Table of Contents

  • The World Summit on the Information Society (WSIS), which was held in Geneva in 2003 and in Tunis in 2005, drew up an action plan to bridge the digital divide and build an inclusive, people-oriented information society. World leaders committed themselves to regularly review and follow up progress in implementing the action lines outlined in the WSIS Outcomes.

  • The 2016 edition of the WSIS Stocktaking Report is the continuation of the WSIS Stocktaking Report series. This eighth edition in the series reflects around 350 activities relating to ICTs for development, submitted to the WSIS Stocktaking Platform for the period March 2015-March 2016, each one highlighting the efforts deployed by stakeholders involved in implementation of the SDGs. The eighth edition offers a considerable number of examples of emerging trends in actions designed to decrease the digital divide and build an inclusive information society. The report is based on the multistakeholder approach, including input from stakeholders from all over the world responding to ITU’s official call in 2015 for stocktaking updates and new entries. The inputs from WSIS action line facilitators and co-facilitators also contributed to the present report.

  • It is important to stress here that ITU has been contributing enormously to WSIS implementation and follow-up from 2005 to the present.

  • The effective participation of governments and all stakeholders is vital in developing the information society, an endeavour which requires cooperation and partnerships among all such parties. This action line is intended to promote the development of national e-strategies, including the necessary human capacity building, taking into account different national circumstances.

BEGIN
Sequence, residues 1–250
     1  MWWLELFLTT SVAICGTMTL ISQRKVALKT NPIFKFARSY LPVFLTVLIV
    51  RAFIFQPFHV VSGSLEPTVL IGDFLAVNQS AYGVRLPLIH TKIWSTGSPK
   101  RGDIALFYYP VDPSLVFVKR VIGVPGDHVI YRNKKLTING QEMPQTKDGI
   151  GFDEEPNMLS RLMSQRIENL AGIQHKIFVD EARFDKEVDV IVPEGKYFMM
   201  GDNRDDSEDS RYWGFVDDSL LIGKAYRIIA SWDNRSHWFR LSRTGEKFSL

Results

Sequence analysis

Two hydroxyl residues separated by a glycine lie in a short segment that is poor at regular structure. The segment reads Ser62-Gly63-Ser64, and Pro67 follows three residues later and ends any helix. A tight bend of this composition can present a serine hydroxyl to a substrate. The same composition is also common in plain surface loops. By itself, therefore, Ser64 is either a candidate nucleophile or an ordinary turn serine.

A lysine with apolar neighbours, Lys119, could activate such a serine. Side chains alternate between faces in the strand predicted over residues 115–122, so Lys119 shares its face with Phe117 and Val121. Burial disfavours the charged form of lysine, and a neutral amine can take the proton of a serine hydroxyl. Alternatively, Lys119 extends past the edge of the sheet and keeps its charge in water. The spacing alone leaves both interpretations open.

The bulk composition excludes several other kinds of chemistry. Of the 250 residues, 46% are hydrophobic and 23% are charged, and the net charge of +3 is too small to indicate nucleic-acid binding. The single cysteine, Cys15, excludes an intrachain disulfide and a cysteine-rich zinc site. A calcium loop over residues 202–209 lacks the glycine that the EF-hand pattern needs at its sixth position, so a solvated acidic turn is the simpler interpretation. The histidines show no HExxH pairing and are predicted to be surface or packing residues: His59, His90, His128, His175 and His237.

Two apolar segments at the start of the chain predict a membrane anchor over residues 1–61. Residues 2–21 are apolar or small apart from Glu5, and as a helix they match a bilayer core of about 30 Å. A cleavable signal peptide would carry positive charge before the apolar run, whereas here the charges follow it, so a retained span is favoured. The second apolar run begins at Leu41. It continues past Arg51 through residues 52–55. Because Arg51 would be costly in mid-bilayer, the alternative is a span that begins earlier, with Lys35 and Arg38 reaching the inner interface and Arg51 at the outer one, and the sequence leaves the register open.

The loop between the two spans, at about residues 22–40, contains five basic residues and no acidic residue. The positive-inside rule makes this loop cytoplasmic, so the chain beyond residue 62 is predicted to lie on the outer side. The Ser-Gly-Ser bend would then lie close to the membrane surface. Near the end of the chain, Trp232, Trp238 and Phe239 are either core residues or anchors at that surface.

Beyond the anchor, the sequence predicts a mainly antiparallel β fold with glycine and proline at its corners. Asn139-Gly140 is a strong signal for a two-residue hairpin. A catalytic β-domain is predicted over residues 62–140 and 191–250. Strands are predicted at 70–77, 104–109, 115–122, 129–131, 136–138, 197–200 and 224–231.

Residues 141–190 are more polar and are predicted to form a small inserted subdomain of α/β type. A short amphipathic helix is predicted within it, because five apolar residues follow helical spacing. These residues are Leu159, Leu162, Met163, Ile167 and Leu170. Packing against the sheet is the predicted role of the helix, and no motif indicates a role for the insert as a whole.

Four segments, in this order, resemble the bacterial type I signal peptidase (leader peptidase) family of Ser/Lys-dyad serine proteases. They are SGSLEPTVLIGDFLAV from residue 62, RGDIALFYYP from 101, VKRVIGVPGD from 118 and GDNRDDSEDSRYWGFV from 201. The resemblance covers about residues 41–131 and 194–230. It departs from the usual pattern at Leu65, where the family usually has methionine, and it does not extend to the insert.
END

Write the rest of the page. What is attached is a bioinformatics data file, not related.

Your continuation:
• As stated in the Geneva Plan of Action, ICT infrastructure plays an important role in achieving the WSIS objectives and SDGs. This chapter illustrates some of the initiatives that ITU participated in and launched of relevance to this category.

  • ITU-D held numerous workshops, conferences and symposia, making materials widely available free-of-charge on the web. In addition, a number of information-rich resources have been made available including web-based information portals and practical ICT toolkits, and online databases have been launched and/or existing resources updated.

  • Capacity building and ICT literacy are essential for building an inclusive information society.

  • Confidence and security play an essential role in the information society. Governments, in cooperation with the private sector, are working to prevent, detect and respond to cyberthreats and misuse of ICTs by: developing guidelines that take into account ongoing efforts in these areas; considering legislation that allows for effective investigation and prosecution of misuse; promoting effective mutual assistance efforts; strengthening institutional support at the international level for preventing, detecting and recovering from such incidents; and encouraging education and raising awareness. Thus, the projects reported on in this chapter showcase the ways in which stakeholders are contributing on an ongoing basis to building confidence and security in the use of ICTs.

  • Governments should foster a supportive, transparent, pro-competitive and predictable policy, legal and regulatory framework that provides the appropriate incentives to investment and community development in the information society.

  • ICT applications can support sustainable development in different sectors such as public administration, business, education and training, health, employment, environment, agriculture and science within the framework of national strategies. This chapter illustrates how ICT applications can maximize social and economic benefits for society.